We now explain this point. For deflniteness, following [5], we discuss the simplest large-field inflationary model with the potential V = nro~ [7]. It is well known that classically this system enters the inflationary regime whenever the slow-roll parameter e = Mp/ff)2 is less than one. Or, equivalently, if the inflaton VEV exceeds the Planck rilctSS. Is this a problem at the fundamental level? We address this question within the corpuscular theory, which reproduces all the known predictions, but at the same time is powerful enough to indicate whether some inconsistency arises at the fundamental level.

Within this corpuscular description, the above system, including the classical background, is viewed quantum-mechanically as being composed out of corpuscles, graviton and inflaton quanta. That is, the would-be-classical scalar and gravitational fields are

viewed as a multi-particle quantum state of inflaton and graviton Bose gases. The respective occupation numbers are given by

N = and NlP = (3)

H J \J e

We note that these corpuscles are in a bound state and therefore are off-shell. However, the "off-shellness" is mild and it therefore makes perfect sense to talk about constituency. We can draw an analogy [4] with the QCD baryon as a composite of N quarks with N the number of colors, which admits a nearly classical description [8] for large N. But, unlike the baryon, which is stable, the Hubble patch is a loose union and depletes quantum mechanically. Unlike the quarks, the gravitons and inflatons can exist in the free state and the Hubble patch depletes quantum mechanically by emitting them out of the would-be-classical background.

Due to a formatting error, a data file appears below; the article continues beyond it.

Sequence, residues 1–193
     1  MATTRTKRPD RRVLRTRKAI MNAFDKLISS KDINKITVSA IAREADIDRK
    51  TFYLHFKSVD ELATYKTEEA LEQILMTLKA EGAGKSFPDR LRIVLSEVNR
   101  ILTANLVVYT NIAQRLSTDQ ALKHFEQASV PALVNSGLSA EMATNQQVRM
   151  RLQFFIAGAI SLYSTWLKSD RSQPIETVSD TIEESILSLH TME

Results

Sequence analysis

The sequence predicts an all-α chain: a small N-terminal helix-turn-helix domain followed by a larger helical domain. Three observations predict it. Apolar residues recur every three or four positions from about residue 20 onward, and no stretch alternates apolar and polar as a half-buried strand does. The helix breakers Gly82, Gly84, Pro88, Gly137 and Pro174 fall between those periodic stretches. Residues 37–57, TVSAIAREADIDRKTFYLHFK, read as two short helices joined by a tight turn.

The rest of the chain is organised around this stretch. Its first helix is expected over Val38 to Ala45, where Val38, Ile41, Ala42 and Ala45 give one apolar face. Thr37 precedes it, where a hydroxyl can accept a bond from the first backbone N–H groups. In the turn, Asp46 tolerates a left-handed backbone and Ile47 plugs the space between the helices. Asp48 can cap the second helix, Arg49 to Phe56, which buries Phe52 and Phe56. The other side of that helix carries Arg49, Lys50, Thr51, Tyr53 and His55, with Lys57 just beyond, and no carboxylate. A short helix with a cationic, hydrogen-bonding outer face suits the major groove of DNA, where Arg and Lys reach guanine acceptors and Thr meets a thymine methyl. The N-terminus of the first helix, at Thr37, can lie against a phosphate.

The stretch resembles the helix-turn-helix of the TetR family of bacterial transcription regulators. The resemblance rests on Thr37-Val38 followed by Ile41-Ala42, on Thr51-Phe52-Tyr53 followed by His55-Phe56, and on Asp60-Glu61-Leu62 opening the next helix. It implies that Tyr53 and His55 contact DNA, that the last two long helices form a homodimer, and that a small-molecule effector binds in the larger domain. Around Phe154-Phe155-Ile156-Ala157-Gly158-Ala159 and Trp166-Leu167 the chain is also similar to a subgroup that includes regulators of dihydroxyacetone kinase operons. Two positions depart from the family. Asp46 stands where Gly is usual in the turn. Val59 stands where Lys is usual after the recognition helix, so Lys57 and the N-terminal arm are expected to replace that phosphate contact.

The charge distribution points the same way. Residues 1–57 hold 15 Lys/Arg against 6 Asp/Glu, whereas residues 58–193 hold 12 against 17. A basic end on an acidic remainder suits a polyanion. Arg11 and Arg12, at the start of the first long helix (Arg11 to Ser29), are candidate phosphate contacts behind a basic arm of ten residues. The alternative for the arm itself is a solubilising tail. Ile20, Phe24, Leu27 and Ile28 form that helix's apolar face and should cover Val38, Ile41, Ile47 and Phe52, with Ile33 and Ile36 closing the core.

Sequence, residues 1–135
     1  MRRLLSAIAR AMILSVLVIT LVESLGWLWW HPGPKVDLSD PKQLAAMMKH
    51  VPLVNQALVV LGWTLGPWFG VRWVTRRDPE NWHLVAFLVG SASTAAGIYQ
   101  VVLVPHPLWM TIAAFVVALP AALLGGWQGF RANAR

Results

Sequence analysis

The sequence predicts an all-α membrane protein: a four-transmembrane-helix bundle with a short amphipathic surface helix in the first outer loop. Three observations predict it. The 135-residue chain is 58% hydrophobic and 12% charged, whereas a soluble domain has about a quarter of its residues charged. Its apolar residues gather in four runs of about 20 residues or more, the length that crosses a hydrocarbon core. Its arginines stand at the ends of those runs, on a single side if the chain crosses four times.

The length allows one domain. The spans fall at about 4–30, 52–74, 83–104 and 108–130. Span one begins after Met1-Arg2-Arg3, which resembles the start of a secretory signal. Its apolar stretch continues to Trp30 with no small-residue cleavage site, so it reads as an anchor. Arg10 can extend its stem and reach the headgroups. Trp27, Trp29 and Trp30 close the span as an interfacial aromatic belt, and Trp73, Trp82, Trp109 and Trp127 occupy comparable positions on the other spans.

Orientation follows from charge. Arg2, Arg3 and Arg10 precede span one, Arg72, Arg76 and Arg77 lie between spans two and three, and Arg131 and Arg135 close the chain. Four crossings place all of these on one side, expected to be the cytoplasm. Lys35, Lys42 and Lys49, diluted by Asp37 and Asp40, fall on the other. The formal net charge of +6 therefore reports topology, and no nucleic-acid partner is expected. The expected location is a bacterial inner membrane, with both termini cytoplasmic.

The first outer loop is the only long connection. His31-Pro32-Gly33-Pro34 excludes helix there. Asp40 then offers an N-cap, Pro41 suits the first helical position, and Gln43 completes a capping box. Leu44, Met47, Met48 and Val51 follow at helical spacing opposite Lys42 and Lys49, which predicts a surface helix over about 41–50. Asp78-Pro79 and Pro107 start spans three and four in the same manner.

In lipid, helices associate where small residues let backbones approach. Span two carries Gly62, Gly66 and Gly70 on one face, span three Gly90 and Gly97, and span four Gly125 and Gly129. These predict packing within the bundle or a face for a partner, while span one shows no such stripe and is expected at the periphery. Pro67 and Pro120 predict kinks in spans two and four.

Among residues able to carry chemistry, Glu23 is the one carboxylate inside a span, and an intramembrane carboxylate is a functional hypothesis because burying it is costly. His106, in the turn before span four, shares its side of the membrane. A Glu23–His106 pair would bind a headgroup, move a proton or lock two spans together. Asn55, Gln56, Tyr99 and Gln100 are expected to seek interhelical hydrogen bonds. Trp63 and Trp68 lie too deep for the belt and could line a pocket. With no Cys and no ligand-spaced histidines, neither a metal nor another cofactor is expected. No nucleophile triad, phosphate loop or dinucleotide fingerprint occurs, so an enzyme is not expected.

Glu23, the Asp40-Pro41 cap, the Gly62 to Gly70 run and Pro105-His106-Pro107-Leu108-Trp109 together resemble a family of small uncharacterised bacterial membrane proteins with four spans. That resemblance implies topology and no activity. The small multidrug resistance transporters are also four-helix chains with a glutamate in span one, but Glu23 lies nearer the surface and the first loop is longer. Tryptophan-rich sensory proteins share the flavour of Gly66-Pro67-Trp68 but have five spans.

In this picture, the classical evolution is recovered as a mean-field limit (Ar = oc, H = 0, H = finite), whereas the standard semiclassical physics in [2,3] up to \/N-corrections is recovered for N = finite, h = finite, and H = finite.

Once we have a microscopic quantum theory, we can fully handle the physical meaning of the trans-Planckian inflaton VEV. It is obvious from (3) that the physical meaning of <f> Mp is the relative increase of the inflaton occupation number. This increase would be problematic if it could result in a breakdown of the predictive power, for example, by rendering some interactions strong or expansion parameters large.

In fact, the allowed range for the <f> VEV is big enough for what is needed for accommodating chaotic inflation and deriving the density perturbations reliably at the fundamental level. On the other hand, the range is still strongly limited by (2).